Richard Henry Gurney, always known as Dick, was born into the Quaker family in 1783. His father Richard Gurney had been widowed with two children, a boy Hudson and a girl, Gatty, when he married Rachel Hanbury and then fathered Dick, Anna and Elizabeth.
To quote Verily Anderson ("The Northrepps Grandchildren") Dick was 'massive, florid of complexion and loud in voice and in praise of coursing, cock-fighting, wagers and country wenches'. He was also a good businessman and an asset to the family bank. His half-sister Gatty had married Sampson Hanbury, Rachel Hanbury's brother, making him both uncle and brother-in-law to Dick. Hanbury was a wealthy brewer and a famous Master of Foxhounds. He and Dick were close friends and followers of all country pursuits.
It was said of him that his decision to stand for parliament was based on a whim, but electioneering was not for the faint-hearted or those who did not have deep pockets. Bribery was the norm and Dick had deep pockets. He claimed later to have spent £80,000 on electioneering. Nevertheless his support of The Reform Bill resulted in the gift to him of a candelabrum inscribed "Presented by voluntary subscription, raised by upwards of 1,200 citizens of Norwich, chiefly of the operative classes, to R.H. Gurney, Esq. in testament of their regard for his universal benevolence and sincerity in upholding the just cause of mankind, and of their admiration of his inflexible advocacy in the Senate to obtain for his country a salutary Reform in the House of Commons'.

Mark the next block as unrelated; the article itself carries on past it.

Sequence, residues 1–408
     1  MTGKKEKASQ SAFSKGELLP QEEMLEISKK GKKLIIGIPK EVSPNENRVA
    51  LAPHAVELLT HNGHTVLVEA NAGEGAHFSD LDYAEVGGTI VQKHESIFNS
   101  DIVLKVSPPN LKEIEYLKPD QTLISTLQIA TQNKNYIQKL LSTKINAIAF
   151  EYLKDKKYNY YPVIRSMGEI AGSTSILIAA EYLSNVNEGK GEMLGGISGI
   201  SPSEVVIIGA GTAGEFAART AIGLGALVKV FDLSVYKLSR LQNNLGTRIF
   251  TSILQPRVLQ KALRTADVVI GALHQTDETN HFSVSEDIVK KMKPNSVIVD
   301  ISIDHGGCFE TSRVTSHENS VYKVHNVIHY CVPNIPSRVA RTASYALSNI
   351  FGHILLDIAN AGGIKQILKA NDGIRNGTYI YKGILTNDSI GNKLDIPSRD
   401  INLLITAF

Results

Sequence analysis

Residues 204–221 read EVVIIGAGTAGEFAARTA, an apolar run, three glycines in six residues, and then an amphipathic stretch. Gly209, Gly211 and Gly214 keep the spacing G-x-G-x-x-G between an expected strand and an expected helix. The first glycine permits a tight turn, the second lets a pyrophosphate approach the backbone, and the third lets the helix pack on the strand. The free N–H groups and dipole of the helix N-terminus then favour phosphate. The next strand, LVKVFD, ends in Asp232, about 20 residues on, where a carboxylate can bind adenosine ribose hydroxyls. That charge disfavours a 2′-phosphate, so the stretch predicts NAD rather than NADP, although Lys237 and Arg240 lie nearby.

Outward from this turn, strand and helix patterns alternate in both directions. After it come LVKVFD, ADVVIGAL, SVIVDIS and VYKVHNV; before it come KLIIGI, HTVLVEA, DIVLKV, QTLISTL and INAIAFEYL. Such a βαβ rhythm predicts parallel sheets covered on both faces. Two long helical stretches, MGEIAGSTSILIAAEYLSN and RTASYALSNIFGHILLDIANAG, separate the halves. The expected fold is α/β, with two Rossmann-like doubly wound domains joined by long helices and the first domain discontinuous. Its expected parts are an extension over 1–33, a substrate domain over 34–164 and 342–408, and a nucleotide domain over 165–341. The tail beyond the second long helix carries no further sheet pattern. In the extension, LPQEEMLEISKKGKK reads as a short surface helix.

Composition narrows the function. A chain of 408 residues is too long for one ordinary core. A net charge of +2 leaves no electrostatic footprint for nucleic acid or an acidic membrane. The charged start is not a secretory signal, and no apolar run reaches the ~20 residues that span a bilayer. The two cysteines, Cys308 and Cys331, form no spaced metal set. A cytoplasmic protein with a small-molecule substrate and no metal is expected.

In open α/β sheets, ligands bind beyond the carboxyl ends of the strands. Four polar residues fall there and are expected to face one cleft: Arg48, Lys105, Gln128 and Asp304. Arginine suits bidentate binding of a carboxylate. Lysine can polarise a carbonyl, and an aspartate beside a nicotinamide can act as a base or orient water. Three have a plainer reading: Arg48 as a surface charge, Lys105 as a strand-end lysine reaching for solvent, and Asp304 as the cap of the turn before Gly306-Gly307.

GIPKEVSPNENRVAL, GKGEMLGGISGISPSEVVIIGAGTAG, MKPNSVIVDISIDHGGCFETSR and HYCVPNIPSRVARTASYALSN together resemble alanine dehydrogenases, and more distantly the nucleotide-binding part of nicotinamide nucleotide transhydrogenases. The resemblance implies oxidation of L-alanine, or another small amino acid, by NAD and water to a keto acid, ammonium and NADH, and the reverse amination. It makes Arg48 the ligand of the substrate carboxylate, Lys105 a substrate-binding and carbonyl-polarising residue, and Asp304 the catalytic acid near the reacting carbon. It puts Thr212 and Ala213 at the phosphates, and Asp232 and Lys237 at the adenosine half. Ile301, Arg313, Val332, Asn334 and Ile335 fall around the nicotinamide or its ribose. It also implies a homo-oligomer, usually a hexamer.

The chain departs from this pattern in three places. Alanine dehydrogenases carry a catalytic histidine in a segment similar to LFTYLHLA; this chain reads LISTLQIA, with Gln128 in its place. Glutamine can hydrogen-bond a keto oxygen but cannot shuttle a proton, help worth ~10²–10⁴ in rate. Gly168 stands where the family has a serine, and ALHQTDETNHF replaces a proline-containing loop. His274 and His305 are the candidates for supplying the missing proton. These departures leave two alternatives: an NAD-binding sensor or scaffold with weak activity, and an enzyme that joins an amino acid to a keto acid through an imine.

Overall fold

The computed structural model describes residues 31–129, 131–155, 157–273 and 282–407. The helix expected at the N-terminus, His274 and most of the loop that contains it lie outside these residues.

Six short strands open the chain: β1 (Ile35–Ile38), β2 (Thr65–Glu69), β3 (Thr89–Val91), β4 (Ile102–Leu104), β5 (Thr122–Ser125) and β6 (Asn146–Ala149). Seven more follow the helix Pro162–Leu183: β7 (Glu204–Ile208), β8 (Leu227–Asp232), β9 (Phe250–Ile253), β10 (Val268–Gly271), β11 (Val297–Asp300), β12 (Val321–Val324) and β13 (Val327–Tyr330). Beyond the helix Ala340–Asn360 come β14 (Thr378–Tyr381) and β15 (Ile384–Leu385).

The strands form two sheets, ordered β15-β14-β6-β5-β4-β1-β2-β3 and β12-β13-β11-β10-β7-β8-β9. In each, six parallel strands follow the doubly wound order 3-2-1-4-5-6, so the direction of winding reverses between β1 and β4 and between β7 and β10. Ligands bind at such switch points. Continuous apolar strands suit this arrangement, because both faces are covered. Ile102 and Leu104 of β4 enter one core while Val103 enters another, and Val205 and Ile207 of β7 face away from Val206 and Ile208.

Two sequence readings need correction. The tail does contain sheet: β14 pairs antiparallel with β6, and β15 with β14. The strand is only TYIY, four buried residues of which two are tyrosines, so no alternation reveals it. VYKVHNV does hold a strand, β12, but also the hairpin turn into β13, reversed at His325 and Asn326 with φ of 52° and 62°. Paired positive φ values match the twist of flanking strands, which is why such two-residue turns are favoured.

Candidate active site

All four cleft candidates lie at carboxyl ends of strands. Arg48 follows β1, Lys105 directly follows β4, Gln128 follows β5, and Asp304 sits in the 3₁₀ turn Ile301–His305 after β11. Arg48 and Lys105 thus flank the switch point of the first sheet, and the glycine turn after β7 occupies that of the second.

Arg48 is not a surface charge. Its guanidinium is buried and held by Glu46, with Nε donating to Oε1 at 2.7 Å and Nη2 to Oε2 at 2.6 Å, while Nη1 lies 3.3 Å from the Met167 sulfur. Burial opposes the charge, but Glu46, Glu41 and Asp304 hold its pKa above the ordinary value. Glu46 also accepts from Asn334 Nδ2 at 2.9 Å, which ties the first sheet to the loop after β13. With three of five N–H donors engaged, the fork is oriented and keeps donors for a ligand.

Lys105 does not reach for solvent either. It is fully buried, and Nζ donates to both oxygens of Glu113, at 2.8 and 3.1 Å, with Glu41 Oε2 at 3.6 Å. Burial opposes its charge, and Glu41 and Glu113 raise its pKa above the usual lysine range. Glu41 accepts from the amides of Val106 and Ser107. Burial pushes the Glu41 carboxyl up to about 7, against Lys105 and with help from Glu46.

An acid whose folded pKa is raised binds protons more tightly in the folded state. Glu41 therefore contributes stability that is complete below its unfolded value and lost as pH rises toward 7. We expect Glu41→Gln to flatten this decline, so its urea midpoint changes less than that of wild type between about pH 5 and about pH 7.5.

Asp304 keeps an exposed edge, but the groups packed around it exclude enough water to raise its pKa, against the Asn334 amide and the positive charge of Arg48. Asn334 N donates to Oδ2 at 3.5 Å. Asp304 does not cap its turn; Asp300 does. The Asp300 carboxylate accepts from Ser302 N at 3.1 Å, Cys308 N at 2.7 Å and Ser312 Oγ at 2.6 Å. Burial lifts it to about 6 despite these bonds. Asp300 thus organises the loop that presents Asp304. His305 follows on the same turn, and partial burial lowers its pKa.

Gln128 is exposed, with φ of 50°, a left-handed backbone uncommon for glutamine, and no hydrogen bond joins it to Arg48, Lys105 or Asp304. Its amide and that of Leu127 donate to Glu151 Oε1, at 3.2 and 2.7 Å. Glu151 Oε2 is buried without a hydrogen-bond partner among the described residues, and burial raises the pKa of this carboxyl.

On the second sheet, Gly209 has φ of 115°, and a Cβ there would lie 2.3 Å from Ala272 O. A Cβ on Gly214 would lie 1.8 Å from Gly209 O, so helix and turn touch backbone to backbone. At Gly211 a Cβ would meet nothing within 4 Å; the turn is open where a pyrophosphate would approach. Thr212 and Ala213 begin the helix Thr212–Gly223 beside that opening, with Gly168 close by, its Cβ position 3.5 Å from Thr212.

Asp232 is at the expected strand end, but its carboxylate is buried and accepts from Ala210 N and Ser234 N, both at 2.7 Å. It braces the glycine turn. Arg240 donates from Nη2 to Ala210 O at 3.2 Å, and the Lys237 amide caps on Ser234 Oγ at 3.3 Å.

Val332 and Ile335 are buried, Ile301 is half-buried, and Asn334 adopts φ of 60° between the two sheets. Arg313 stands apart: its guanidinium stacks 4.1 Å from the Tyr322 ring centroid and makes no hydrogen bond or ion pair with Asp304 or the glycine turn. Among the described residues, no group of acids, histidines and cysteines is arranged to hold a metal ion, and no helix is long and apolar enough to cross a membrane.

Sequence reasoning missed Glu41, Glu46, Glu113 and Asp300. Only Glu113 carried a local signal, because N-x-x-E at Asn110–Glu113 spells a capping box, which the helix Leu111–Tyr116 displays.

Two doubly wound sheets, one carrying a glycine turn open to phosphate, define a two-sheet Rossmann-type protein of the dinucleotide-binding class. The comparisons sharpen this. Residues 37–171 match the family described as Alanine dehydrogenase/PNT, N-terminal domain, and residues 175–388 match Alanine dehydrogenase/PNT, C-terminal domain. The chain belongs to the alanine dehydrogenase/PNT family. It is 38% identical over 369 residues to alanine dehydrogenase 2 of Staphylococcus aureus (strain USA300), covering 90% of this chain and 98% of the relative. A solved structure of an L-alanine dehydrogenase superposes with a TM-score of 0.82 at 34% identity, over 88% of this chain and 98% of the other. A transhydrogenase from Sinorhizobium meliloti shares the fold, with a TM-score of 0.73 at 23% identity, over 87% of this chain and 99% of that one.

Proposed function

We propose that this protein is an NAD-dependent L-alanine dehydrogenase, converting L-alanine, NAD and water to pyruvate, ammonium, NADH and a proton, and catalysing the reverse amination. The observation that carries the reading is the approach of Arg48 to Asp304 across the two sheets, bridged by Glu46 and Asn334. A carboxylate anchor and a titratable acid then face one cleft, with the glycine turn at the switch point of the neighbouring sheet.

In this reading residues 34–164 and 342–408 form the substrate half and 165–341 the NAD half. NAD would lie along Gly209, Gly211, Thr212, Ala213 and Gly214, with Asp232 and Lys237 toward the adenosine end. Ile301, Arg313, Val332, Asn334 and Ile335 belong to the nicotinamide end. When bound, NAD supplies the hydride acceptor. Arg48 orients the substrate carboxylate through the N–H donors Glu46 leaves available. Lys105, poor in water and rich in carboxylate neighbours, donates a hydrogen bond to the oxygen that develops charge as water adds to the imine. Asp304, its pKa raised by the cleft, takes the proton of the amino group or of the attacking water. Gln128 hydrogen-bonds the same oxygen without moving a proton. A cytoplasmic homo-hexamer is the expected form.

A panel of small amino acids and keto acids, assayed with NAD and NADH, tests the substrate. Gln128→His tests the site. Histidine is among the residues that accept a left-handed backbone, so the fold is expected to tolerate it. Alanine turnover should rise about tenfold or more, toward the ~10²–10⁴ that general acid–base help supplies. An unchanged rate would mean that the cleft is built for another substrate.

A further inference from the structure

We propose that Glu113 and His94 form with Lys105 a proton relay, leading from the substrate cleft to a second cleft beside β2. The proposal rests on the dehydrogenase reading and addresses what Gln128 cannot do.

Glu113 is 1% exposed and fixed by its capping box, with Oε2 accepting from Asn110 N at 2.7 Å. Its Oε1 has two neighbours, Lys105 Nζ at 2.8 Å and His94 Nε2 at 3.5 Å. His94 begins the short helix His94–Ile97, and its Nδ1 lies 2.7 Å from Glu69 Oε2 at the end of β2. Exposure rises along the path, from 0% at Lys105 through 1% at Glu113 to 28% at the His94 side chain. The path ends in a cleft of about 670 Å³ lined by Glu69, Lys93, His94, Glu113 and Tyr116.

Shortly after the election Dick was involved in a scandal that mortified his relations. After his father's death he inherited Keswick Hall where he lived from time to time with his mother and sister. The adjoining estate was owned by a Mr.Joseph Muskett who, in 1818, sued him for alienating the affections of his wife, Mary. Virtually all the evidence was supplied by servants and others in Muskett's employ and the case was dismissed. Even so, he sent his wife to live with her father and prevented her from seeing their daughter. For eight years she continued to live with her father. During the first four years Dick did not call on her, but then he started to visit and to write to her and in 1829 she wrote to him that she was pregnant. He collected her and took her to his London house where, in 1830, she gave birth to a daughter. Mr. Muskett sued for criminal conversation. The case was successful and proved that the child, Mary Jary, was not his. Later he divorced his wife by Act of Parliament; she married Dick and from all accounts they lived happily together until his death.
Dick died in 1854. He had resisted all efforts of his cousins to get him to return to the Quaker fold and withstood the pleas of his sister Anna who had joined the Church of England. He was buried in the Rosary by the Revd. John Alexander, Minister of the Independent Church, using part of the Book of Common Prayer. The funeral procession made its way from his home at Thickthorn House, through the city to the Rosary. The procession had six mourning coaches and thirty carriages and, as the hearse passed by, the bells of the city churches were tolled.
The press reported that 'a body of police under Mr. Superintendent English contributed much to the preservation of order and solemnity amongst the crowd that surrounded the Rosary cemetery on the occasion'.